The Big Smoke, 14 January: Pill testing saves lives, it doesn’t create addicts
Insights, 16 January: What you should know about pill-testing
95bfm, 19 January: Safe Drug Testing w/ Know Your Stuff
Newshub, 22 January: Poll: Do you think testing drugs at summer festivals should be publicly funded?
Science Media Centre NZ, 25 January: Festival drug testing – Expert Reaction
Stuff, 25 January: Free drug testing in spotlight as festival season kicks off
Māori Television, 25 January: What’s really in that pill? The festival drug testing debate
NZ Herald, 28 January: Lee Suckling: Are music festivals unsafe?

KnowYourStuffNZ is a not-for-profit social enterprise funded entirely by donations from the community. If you value our work, please donate.

KnowYourStuffNZ’s summer media coverage

The media gets plenty of stick but honestly, we’ve had pretty good coverage this summer (and lots of it). It’s mostly been reasonable, journalists have been sticking to the facts, and willing to make corrections when errors slip in.

Two areas did stand out where the media (and other public messages) could be better. The first was the coverage around KnowYourStuffNZ’s finding of Fentanyl. Yes, it’s scary stuff and we strongly recommend people do not take it. However, NZ is not in the same situation as the USA, where Fentanyl and other opioids are killing tens of thousands each year. Some of the media stories wanted to push a sensationalist epidemic line.  That’s not helpful. What keeps people safe is clear and honest reporting.

The second area was police and district health boards putting out poorly written warnings about dangerous drugs. The initial warnings about n-ethylpentylone in Christchurch contained no useful information. Warnings about dangerous drugs need to cover:

  • what the drug is thought to be
  • how to identify it
  • what the effects are
  • and how to stay safe

To be fair, the DHB and police did pick up on some of the language that KnowYourStuff uses and the follow-up messages were much more useful. However, when you’ve got thirteen people in hospital, its pretty important to get your warnings right. We would like to see consistent and accurate messaging, and collaboration between agencies on the content of drug alerts.

Radio NZ, 21 January: Festival tent testing fake highs

Newshub, 2 February: MDMA buyers at festivals getting ‘seedy’, more potent alternative

Radio Live, 4 February: Legalise All Drugs? Ross Bell & Wendy Allison

Newstalk ZB, 27 February: 15-year-old amongst those affected by faulty ecstasy

TVNZ, 27 February: ‘No useful information’ – drug-checking company says DHB should give specifics of ecstasy batch that put users in hospital

Vice, 27 February: Possible Bad Batch of NZ Ecstasy Hospitalises Thirteen

Stuff, 9 March: Deadly new Wellington drug ring busted as police seize cash, cars, and drugs

Radio NZ, 9 March: Lately with Karyn Hay

Vice, 14 March: Here’s What Was In the Bad Batch of MDMA That Put 13 Kiwis in Hospital

Newstalk ZB, 15 March: Calls for early warning system over potentially harmful drugs

NZ Drug Foundation, 19 March: Let’s take the ambulance to the top of the cliff

Stuff, 19 March: On-site drug testing at Homegrown a no-go despite faux-ecstasy doing the rounds

Metro News, 19 March: Why New Zealand festivals can’t deal to the drug problem

Radio NZ, 20 March: Homegrown festival warned of dangerous fake ecstasy drug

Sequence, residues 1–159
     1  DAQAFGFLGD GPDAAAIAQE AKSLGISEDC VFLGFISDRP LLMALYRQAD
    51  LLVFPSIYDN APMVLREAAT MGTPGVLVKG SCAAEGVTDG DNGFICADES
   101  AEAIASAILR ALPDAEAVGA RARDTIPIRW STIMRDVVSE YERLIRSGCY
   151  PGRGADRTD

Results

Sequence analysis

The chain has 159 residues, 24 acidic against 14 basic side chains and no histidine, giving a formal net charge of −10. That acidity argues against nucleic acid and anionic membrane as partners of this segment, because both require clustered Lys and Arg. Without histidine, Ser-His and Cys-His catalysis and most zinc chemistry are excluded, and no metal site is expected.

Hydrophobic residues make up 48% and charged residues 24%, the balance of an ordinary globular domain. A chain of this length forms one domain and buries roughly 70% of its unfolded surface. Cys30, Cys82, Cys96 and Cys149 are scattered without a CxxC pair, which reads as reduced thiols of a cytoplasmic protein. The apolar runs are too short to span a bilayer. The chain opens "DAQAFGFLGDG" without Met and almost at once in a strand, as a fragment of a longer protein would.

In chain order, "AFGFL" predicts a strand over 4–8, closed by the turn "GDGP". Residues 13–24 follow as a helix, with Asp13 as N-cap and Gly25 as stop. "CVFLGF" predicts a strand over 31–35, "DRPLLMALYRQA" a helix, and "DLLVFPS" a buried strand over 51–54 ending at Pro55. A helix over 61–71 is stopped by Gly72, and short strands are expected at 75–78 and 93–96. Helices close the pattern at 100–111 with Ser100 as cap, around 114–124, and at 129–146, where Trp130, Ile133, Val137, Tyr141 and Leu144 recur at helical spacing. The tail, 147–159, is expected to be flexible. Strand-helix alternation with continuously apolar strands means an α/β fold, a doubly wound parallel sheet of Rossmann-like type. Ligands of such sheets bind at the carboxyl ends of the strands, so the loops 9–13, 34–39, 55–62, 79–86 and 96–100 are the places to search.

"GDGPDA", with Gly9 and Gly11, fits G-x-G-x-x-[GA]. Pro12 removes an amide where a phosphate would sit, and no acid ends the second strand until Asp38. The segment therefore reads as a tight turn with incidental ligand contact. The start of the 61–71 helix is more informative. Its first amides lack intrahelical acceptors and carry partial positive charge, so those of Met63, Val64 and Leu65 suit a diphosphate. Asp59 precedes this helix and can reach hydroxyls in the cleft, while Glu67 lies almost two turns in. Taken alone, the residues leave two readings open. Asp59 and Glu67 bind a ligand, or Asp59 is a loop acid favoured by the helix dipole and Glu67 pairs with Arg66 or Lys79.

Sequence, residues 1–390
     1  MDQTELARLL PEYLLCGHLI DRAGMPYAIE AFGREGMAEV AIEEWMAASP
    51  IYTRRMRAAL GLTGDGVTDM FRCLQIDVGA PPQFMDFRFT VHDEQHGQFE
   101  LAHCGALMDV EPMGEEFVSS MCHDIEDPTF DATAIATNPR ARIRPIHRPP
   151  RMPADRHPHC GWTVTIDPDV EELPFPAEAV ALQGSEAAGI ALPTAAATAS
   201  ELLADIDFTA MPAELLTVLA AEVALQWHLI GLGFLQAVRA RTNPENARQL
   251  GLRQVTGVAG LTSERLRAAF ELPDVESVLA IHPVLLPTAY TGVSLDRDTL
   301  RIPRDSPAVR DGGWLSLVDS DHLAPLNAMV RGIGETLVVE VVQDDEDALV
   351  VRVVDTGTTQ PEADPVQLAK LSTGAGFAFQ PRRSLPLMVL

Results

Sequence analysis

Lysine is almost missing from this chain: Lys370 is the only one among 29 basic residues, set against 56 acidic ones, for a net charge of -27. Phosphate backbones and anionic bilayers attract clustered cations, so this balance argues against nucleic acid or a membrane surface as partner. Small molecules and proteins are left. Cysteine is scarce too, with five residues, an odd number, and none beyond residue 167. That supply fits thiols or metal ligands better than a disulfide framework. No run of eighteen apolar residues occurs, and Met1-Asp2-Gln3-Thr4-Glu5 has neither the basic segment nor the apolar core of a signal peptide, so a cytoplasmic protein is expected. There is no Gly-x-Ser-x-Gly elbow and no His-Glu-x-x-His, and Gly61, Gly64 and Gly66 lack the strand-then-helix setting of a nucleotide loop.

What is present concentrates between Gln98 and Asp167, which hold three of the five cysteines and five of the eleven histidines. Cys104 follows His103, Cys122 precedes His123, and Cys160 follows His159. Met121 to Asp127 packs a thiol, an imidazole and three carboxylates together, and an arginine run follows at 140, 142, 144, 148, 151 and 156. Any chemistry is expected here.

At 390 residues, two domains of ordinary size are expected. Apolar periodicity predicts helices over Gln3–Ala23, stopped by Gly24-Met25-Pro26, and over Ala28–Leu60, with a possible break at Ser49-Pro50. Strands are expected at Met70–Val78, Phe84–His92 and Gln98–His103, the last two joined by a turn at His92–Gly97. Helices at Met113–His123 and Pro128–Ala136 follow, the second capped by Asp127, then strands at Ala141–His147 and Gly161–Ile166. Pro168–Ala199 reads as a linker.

Vice, 21 March: Deadly Opiate Fentanyl Found Cut With Drugs at NZ Festivals

Public Address, 21 March: Fentanyl: it’s here

Radio Live, 21 March: Why the Misuse of Drugs Act has been called ‘out of date’

TVNZ, 21 March: Super-strong opiate Fentanyl detected in New Zealand for the first time

Radio NZ, 21 March: More fentanyl is coming into NZ, and authorities are worried

NZ Herald, 21 March: Deadly opiate fentanyl found at a Kiwi festival

TVNZ, 21 March: First ever fentanyl detection in NZ’s illicit drug market sparks calls for legal drug testing

NZ Herald, 22 March: Helen Clark backs festival drug-testing and injecting rooms

TVNZ, 22 March: Push to legalise recreational drug testing as deadly Fentanyl detected in NZ’s drug market

The Spinoff, 22 March: Cheat Sheet: the world’s most dangerous drug arrives in New Zealand

NZDF Matters of Substance, March: Keeping safe under summer skies

Viva La Hardcore, 3 April: Know Your Stuff; Chatting about Drugs and Drug Testing

Stuff, 4 April: Fentanyl linked to 11 deaths in New Zealand since 2011

Salient, 9 April: The New Drug on the Block

NewsWire, 15 April: Deadly drug fentanyl prompts appeal for users to get $8.50 test

Yeah, that’s lots of coverage.

KnowYourStuffNZ is a not-for-profit social enterprise funded entirely by donations from the community. If you value our work, please donate.

KnowYourStuffNZ media coverage for the last four weeks

It’s the middle of festival season and the media interest in our work has been intense. Here’s some of the coverage from that.

Also, we’re totally jazzed that the Prime Minister is a) hapū and b) “hugely supportive” of our work.

NZ Herald, 28 December: Covert drug testing will again be carried out at festivals this summer

NZ Herald, 28 December: Concert goers warned: Sinister substances being added to NZ drugs

Stuff, 4 January: Summer of love tinged with danger as MDMA reaches new peaks at NZ festivals

Radio Live, 4 January: Not-for-profit takes ‘agnostic approach’ to festival drug use

Radio NZ, 9 January: Drugs tested at festivals found to be ‘much more potent’

The Spinoff, 10 January: There’s some strong ecstasy going around, so we need to make pill testing easy

95bFM, 11 January: Mikey Havoc interviews Wendy Allison, director of KnowYourStuffNZ

SciBlogs, 17 January: Recreational drugs and the technology of pill testing

SciBlogs, 18 January: The psychology of pill testing

95bFM, 18 January: Know what drugs you’re really taking this summer

Radio NZ, 21 January: Simon Morton interviews Dr Jez Weston, volunteer with KnowYourStuffNZ for Up This Way

We’ll be at more events for the rest of the summer.